Using Timers to count the occurrence of an event
As we discussed in the lesson on creating delays using timers,Timers are usually used to perform three kinds of tasks; creating delays, counting events and measuring the time between events.
In the previous lesson, we looked at the basics of Timers- how to find the Timer interval value based on the frequency of your microcontroller and how to create delays in units of microseconds, milliseconds and seconds. We also explained the meanings of the various Timer configuration modes such 16-bits vs. 32-bits, up vs. down counter as well as Periodic vs. One-shot modes. If you are not familiar with these topics, please take a look at Creating delays with Timers.
In this lesson, we are going to talk about the second use case of Timers- counting events. Events are detected by signal(voltage) level transitions. For example when a switch connected to a microcontroller as an input is pressed, the microcontroller detects this press action because of the signal changes that occur at the pin. As we can see in the diagram below. one leg of the pin is connected to DC 5V and the other leg is connected to the microcontroller pin. When we press the switch to turn it is on, the microcontroller pin receives HIGH signal which in this case is DC 5v and when the switch is off, the microcontroller is disconnected from the DC 5V therefore it goes back to LOW.
Rising-Edge vs. Falling-Egde
The transition of the signal from LOW-to-HIGH gives as the rising-edge and the transition of the signal from HIGH-to-LOW gives as the falling-edge. Besides, we move from DC0V to DC5V by rising and move from DC5V to DC0V by falling.
It is quite important to grasp this concept because this how we really count the occurrence of events and also calculate the duration of particular events.
In this lesson we used a switch as an example because it is the most basic input component. However, the principle works the same way for all other input components such as sensors and the external logic gates we connect to our microcontrollers.
Lets look at a use case. Lets say we are designing a system that count the number of people passing through airport security.We can design a simple low cost “people counter” with a single laser light, a light dependent resistor (LDR) and our microcontroller.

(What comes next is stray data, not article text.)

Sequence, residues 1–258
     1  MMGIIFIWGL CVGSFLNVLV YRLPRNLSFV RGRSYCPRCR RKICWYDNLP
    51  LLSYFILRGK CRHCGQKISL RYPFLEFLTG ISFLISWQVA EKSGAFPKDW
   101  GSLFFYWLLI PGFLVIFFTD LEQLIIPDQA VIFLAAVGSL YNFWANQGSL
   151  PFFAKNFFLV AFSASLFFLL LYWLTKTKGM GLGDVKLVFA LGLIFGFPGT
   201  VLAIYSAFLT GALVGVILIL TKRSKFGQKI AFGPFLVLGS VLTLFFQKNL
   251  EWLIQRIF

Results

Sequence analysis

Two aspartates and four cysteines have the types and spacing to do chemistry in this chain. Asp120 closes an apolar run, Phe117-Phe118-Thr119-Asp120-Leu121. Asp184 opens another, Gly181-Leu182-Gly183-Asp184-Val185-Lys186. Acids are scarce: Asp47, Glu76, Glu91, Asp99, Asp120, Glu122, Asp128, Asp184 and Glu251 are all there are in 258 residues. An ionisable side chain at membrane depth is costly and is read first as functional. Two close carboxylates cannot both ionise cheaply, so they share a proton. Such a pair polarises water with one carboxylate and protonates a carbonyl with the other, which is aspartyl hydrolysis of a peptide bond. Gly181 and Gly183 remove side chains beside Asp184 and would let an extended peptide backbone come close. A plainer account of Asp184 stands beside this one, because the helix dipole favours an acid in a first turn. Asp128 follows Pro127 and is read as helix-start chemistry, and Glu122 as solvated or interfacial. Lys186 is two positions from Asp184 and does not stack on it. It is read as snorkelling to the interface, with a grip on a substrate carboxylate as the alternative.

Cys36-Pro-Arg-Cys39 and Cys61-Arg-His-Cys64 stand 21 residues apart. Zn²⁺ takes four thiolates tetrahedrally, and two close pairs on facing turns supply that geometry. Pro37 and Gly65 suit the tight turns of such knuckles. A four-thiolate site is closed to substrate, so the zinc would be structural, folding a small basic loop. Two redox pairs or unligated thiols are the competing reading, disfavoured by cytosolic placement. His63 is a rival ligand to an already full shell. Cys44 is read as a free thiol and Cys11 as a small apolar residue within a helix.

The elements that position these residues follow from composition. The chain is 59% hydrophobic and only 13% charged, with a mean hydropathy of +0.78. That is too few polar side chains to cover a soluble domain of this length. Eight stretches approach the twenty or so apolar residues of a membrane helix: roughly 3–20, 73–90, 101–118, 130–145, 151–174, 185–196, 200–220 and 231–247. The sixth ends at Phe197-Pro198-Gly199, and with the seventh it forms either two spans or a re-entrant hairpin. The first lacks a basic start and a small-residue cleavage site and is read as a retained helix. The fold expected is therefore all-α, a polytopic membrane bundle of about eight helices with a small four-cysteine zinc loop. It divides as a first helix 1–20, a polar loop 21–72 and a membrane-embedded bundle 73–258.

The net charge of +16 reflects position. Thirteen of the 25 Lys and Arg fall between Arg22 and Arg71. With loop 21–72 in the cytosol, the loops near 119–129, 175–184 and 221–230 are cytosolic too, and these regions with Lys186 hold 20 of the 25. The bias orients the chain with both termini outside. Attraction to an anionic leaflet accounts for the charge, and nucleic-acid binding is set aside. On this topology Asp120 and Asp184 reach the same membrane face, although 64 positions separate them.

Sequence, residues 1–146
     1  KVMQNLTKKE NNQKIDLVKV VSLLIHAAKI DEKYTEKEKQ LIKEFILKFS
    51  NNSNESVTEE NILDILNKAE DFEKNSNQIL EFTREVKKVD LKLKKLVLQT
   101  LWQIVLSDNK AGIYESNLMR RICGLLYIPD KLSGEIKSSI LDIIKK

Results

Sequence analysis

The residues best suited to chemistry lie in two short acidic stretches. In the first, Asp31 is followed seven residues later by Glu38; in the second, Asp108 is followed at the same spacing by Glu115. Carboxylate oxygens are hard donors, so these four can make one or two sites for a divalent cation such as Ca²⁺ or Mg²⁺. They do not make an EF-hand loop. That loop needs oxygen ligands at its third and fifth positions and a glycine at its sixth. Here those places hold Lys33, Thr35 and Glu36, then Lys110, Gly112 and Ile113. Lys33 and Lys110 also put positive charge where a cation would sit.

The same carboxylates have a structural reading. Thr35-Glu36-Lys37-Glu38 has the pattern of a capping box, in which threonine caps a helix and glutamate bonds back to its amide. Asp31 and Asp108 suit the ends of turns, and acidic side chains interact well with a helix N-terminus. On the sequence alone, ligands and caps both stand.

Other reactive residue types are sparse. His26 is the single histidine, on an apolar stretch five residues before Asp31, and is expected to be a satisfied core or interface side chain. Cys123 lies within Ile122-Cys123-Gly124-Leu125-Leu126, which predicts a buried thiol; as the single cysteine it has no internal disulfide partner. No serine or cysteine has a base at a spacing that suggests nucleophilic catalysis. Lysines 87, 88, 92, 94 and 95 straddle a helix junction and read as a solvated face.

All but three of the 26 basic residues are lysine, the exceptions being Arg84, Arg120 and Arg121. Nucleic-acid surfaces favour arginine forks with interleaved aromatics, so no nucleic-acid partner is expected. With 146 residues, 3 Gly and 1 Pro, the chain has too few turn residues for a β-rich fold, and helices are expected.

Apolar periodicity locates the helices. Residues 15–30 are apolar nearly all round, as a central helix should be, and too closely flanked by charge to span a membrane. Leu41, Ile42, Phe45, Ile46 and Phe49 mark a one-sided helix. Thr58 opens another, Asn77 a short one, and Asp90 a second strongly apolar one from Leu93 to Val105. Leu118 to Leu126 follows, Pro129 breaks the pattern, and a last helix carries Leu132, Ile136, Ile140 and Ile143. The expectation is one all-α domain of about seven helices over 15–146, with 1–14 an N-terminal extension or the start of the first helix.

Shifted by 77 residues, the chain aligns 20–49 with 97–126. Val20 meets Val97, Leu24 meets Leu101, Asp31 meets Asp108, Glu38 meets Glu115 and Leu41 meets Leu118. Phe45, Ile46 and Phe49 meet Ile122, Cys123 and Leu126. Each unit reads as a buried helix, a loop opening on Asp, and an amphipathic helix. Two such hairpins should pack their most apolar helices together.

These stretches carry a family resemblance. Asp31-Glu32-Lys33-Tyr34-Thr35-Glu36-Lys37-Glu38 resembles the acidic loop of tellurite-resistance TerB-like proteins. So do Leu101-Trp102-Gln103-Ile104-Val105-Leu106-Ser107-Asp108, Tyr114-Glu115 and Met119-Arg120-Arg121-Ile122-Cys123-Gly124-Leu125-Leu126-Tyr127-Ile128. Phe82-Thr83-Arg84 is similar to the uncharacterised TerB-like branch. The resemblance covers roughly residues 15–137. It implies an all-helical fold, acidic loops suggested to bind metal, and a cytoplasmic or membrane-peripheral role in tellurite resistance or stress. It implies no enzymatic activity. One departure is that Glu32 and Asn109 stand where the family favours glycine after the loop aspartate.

All we have to do is decide on where we want the cross-line, place the laser light on one end and the LDR connected to our microcontroller on the other end and then turn on the laser light and make sure it pointing exactly on the head of the LDR.
Remember the LDR is a light sensor, it changes resistance based on the amount of light shone on its head, because we are not interested in calculating the amount of light, we simply set the microcontroller pin of our LDR as a digital input pin. Now it basically becomes the switch we discussed earlier.
When the path of light between the laser light and LDR is broken, which will happen when people walk-cross the the laser light, the voltage at the microcontoller input pin changes and this change happens in the form rising-edge (or falling-edge depending on how you connect your LDR, whether to GND or DC5V). We can count the number of these changes to determine the number of people who have cross the line.
NOTE : This system is not entirely fool-proof. For instance, when two people walk side-by-by, it will be difficult to count them both. However we hope it provides sufficient explanation on how edge counting works.
Steps to Program Cortex-M Timers for Counting Events
- Enable clock to Timer block
- Disable Timer while changing configuration
- Select Timer mode, 16-bits vs. 32-bits
- Select Timer mode one-shot vs. periodic ,down vs. up, rising-edge vs.falling-edge vs. both
- Set counter limit
- Clear timeout flag
- Enable Timer
- Wait for timeout flag to be set
Apart from the standard steps required to set up the Timer which we talked in about in the previous lesson, there are two more steps we need to take in order to configure the Timer to count edges.
In the Timer Mode Register, we have to configure it as capture mode, and then clear the Timer Capture Mode Register. When this is done, the Timer counts whenever the input pin is triggered. Details of this can be found in the datasheet of the particular cortex-microcontroller we are using. However we provide an example for TM4C Tiva C Launchpad.
In the Timer Control Register, we have to select whether we want to count on a falling-edge, a rising-edge or both. See the example in the link below